During the recent cool nights we’ve been having, it’s a good time to open the windows and experience some night sounds. What I’m referring to are the sounds of crickets.
These seldom seen but heard during late summer nights, crickets are distributed around the world except in latitude 55 degrees or higher. They can be found in varied habitat from grasslands, bushes, forests, marshes, beaches and caves. In most of our Lehigh Valley yards, they hide mostly in flower beds or along walls or fences with high grass.
Crickets are mainly nocturnal and best known for their loud, persistent chirping song of males trying to attract females, although some species are mute. The singing species are said to have good hearing. Proof of this is upon approaching one in your yard when they’re chirping, they’ll immediately stop.
As for the chirping, a male cricket, with its head facing its burrow in a flower bed for example, creates its chirping using its leathery fore wings to scrape against each other to produce the sound. Its burrow acts as a resonator to amplify the sound.
According to entomologists, crickets have a vein that runs along the center of each tegmen, with comb-like serrations on its edge forming a file-like structure. At the rear edge of the tegmen is a scraper. The tegmina are held at an angle to the body and rhythmically raised and lowered which causes the scraper on one wing to rasp on the file on the other. Most female crickets lack the necessary adaptations to stridulate, so make no sound.
Like birds, crickets have several types of songs in their repertoire. The calling song attracts females and repels other males, and the latter is fairly loud. The courting song is used when a female cricket is near and encourages her to mate with the caller. A triumphal song is produced for a brief period after a successful mating, and may reinforce the mating bond to encourage the female to lay some eggs rather than find another male.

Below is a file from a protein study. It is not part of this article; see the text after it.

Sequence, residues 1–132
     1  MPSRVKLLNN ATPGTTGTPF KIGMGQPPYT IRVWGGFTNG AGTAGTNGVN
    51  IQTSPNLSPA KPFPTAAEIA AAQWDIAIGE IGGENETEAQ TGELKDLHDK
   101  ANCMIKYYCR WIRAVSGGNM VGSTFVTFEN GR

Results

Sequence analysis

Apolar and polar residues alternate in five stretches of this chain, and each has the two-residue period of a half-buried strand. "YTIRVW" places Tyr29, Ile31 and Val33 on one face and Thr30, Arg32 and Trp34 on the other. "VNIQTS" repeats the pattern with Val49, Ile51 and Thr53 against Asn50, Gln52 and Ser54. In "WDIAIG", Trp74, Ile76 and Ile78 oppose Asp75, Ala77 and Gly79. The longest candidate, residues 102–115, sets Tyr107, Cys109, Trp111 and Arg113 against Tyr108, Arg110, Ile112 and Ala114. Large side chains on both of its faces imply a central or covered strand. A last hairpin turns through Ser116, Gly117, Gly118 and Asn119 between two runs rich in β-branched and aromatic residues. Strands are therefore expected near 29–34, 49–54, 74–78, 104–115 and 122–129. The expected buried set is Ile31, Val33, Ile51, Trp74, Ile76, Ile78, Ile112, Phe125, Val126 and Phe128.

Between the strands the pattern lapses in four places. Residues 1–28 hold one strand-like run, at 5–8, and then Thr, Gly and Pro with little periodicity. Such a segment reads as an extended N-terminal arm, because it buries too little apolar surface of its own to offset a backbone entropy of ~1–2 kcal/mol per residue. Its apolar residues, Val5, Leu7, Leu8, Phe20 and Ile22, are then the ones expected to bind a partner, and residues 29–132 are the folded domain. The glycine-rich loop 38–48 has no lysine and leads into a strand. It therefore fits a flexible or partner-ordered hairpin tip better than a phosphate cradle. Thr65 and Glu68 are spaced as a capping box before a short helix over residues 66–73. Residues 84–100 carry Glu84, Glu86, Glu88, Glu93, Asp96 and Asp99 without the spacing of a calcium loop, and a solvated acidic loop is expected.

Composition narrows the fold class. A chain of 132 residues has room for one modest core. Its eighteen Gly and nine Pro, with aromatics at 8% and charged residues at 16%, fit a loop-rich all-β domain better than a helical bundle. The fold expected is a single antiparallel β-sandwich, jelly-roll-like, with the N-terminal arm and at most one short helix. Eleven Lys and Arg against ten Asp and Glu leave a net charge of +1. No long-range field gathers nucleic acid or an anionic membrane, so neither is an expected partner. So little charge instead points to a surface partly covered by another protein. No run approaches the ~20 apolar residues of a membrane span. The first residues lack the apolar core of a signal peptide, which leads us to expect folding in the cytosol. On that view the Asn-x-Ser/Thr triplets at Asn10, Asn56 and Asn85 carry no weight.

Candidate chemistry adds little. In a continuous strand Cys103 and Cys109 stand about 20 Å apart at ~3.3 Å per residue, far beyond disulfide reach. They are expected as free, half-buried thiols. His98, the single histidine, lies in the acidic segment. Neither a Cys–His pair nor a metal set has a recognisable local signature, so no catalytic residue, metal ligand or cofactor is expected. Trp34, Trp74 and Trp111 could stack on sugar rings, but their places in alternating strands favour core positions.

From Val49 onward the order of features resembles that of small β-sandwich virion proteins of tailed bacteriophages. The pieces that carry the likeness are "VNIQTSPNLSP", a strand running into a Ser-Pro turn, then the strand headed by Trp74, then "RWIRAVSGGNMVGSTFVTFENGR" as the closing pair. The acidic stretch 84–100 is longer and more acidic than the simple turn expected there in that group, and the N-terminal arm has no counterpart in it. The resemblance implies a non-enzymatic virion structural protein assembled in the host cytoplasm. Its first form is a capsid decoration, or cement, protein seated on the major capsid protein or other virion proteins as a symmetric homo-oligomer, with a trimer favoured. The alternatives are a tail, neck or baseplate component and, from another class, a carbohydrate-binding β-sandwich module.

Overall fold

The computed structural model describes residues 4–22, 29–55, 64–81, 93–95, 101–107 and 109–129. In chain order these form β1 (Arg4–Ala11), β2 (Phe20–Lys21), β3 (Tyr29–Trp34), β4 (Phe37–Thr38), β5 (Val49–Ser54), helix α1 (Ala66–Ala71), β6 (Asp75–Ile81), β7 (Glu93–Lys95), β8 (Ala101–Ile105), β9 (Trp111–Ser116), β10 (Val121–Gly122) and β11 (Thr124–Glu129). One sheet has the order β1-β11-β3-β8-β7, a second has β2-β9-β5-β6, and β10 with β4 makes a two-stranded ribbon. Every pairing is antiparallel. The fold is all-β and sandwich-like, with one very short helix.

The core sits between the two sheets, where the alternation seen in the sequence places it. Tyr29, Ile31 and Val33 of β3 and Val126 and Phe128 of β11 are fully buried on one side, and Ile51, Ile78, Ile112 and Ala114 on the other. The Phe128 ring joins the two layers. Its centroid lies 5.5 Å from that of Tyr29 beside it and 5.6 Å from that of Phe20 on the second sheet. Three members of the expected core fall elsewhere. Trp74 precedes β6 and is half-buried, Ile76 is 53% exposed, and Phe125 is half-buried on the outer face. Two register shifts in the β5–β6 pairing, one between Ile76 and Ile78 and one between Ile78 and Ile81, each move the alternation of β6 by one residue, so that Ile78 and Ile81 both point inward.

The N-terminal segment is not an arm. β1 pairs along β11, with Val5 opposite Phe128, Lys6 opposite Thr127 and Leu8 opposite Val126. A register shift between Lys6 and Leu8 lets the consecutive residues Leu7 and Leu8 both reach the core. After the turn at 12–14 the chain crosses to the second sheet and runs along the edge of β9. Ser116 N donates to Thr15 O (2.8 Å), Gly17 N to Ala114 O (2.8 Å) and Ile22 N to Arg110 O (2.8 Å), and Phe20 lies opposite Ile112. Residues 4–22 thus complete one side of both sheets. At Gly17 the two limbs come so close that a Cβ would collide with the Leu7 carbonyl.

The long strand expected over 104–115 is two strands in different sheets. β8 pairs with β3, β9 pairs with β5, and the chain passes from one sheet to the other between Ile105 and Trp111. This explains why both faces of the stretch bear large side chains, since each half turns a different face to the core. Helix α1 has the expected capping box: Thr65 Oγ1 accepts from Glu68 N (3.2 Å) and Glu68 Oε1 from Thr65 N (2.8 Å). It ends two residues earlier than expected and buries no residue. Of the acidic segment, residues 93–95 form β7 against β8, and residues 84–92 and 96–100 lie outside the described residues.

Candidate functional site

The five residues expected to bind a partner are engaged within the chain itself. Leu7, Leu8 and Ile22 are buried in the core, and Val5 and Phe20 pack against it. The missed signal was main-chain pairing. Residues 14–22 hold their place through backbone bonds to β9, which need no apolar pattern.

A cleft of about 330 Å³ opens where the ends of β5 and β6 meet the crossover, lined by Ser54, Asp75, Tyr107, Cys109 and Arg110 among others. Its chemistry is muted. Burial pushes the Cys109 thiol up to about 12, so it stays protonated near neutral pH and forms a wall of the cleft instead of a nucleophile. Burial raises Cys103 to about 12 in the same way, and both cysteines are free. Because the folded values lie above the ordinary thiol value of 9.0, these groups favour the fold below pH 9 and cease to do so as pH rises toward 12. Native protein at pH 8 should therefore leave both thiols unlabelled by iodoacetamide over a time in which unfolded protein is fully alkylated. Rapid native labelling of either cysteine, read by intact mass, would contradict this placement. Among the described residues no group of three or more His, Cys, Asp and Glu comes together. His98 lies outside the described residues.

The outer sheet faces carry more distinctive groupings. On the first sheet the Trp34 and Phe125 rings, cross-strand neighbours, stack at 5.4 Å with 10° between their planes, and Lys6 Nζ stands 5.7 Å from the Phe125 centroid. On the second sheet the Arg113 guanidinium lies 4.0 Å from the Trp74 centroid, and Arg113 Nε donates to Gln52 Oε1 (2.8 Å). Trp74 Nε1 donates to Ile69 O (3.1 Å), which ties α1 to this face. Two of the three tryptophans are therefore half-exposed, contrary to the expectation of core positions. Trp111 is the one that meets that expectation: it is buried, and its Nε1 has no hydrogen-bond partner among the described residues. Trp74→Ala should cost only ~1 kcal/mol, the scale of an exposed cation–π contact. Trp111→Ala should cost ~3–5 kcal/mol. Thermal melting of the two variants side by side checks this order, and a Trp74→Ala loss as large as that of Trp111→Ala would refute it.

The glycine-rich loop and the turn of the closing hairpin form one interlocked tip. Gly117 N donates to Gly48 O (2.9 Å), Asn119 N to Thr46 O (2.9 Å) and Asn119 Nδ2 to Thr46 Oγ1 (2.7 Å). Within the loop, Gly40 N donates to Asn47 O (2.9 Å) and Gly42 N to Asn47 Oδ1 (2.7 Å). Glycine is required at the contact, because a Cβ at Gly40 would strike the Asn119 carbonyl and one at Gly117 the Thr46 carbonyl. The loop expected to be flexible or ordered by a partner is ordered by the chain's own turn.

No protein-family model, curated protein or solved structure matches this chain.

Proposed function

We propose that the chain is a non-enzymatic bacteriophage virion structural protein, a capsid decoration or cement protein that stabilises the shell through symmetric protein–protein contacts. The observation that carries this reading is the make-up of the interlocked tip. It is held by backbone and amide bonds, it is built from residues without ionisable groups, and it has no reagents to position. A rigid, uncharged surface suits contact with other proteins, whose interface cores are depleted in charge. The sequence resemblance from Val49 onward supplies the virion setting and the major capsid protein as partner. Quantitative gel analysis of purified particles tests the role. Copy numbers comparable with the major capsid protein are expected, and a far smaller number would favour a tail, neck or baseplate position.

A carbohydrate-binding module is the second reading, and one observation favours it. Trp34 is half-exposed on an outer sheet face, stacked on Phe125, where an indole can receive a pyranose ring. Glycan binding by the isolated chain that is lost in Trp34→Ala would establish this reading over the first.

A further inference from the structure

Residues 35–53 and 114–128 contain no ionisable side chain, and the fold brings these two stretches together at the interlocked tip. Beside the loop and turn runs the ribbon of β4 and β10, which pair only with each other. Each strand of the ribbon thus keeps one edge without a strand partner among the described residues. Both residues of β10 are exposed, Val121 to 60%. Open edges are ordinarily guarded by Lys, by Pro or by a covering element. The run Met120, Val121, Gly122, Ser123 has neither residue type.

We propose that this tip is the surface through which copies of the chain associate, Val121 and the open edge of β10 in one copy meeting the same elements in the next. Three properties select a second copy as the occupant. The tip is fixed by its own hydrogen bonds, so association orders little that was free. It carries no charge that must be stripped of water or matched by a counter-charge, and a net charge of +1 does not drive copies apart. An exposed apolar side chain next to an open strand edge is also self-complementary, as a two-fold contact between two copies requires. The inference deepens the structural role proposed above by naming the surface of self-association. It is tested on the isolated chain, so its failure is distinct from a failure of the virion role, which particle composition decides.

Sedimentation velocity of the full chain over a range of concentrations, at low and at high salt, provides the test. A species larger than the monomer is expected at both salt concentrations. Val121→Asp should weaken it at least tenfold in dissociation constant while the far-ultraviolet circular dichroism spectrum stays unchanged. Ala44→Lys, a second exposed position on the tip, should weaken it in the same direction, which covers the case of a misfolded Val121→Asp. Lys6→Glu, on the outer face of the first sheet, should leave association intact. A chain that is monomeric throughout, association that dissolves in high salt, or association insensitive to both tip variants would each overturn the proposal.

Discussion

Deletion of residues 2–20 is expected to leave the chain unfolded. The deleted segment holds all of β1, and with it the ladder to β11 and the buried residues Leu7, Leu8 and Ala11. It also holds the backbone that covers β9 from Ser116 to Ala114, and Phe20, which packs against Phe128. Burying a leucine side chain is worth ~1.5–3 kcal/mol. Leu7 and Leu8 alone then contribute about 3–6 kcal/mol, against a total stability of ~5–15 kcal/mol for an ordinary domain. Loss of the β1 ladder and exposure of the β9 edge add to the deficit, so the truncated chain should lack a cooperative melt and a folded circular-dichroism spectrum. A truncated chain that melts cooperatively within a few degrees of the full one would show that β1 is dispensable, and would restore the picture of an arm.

As for their diet, some species will feed on flowers, fruit and leaves, with ground-based species favoring seedlings, grasses, pieces of leaf and the shoots of young plants. Others are more predatory and include invertebrate eggs, larva, pupae, moulting insects and aphids. Many are scavengers and will consume various organic remains, decaying plants, seedlings and fungi.
Crickets’ lifecycles consist of an egg stage, a larval or nymph stage that increasingly resembles the adults that eventually form into an adult stage.
Their predators are mostly opossums and skunks. We’ve had a cricket in our flower garden beneath our bedroom window the last two months. Last week, we smelled a skunk and upon checking our security cameras the next morning, low and behold old stinky was foraging around in our garden evidently looking for a cricket meal.
So, before the cold temperatures of fall arrive and the crickets burrow in for the winter, enjoy the night sounds of summer.
The much-anticipated archery deer hunting season is set to open in a split season beginning Sept. 18 including a Sunday date on Nov. 14, in Wildlife Management Areas 2B, 5C and 5D. After that in these WMU’s, the season runs Nov. 15-20; continues on a second Sunday, Nov. 21; and goes from Nov. 22-26 and again Dec. 27-Jan. 29.
The statewide season opens Oct. 2. To Nov. 14 (Sunday), then again on Nov. 15-19, then Dec. 27-Jan.17.
In 2020, the Pennsylvania Game Commission (PGC) reported that 373,700 archery licenses were sold, a big difference from the 5,500 sold during the first archery season in 1951. These numbers go to show the increase in popularity of bowhunting in Pennsylvania.
These totals also reflect that bowhunters managed to take 160,380 deer of which 80,130 were bucks in 2020. This accounts for 37 percent of the overall 2020 deer harvest.
The local WMU archery seasons estimated harvest breakdown is as follows. The numbers in parenthesis are last season’s totals with “A” representing antlered and “AL” representing antlerless deer AL.
WMU 3C: 2,670 (2250) A; 2,240 (1,470) AL
WMU 4C: 3,260 (3,550) A; 2,890 (2,960) AL
WMU 5C: 5,810 (5,330) A; 7,410 (7,075) AL
WMU 5D: 1,790 (2,180) A; 4,310 (4,460) AL
Here are some PGC rule updates for the upcoming season.
*Hunters may use illuminated nocks for arrows and bolts, as they aid in tracking or locating the arrow or bolt after being launched. However, the PGC says transmitter-tracking arrows remain illegal.
*As for tree stands and climbing devices, the PGC mandates that both forms that cause damage to trees are unlawful to use or occupy unless the user has permission from the landowner. Tree stands or steps that penetrate a tree’s cambium layer causes damage and is unlawful to build or occupy tree stands screwed or nailed to trees on state game lands, state forests or state parks are illegal. Portable hunting tree stands and blinds are allowed on state game lands, must be removed no later than two weeks after the close of the flintlock and late archery deer seasons in WMU’s being hunted. And those used on state game lands must be conspicuously marked with a durable I.D. tag that identifies the stand owner and include the hunter’s full name, legal home address and nine-digit CID number that appears on their hunting license.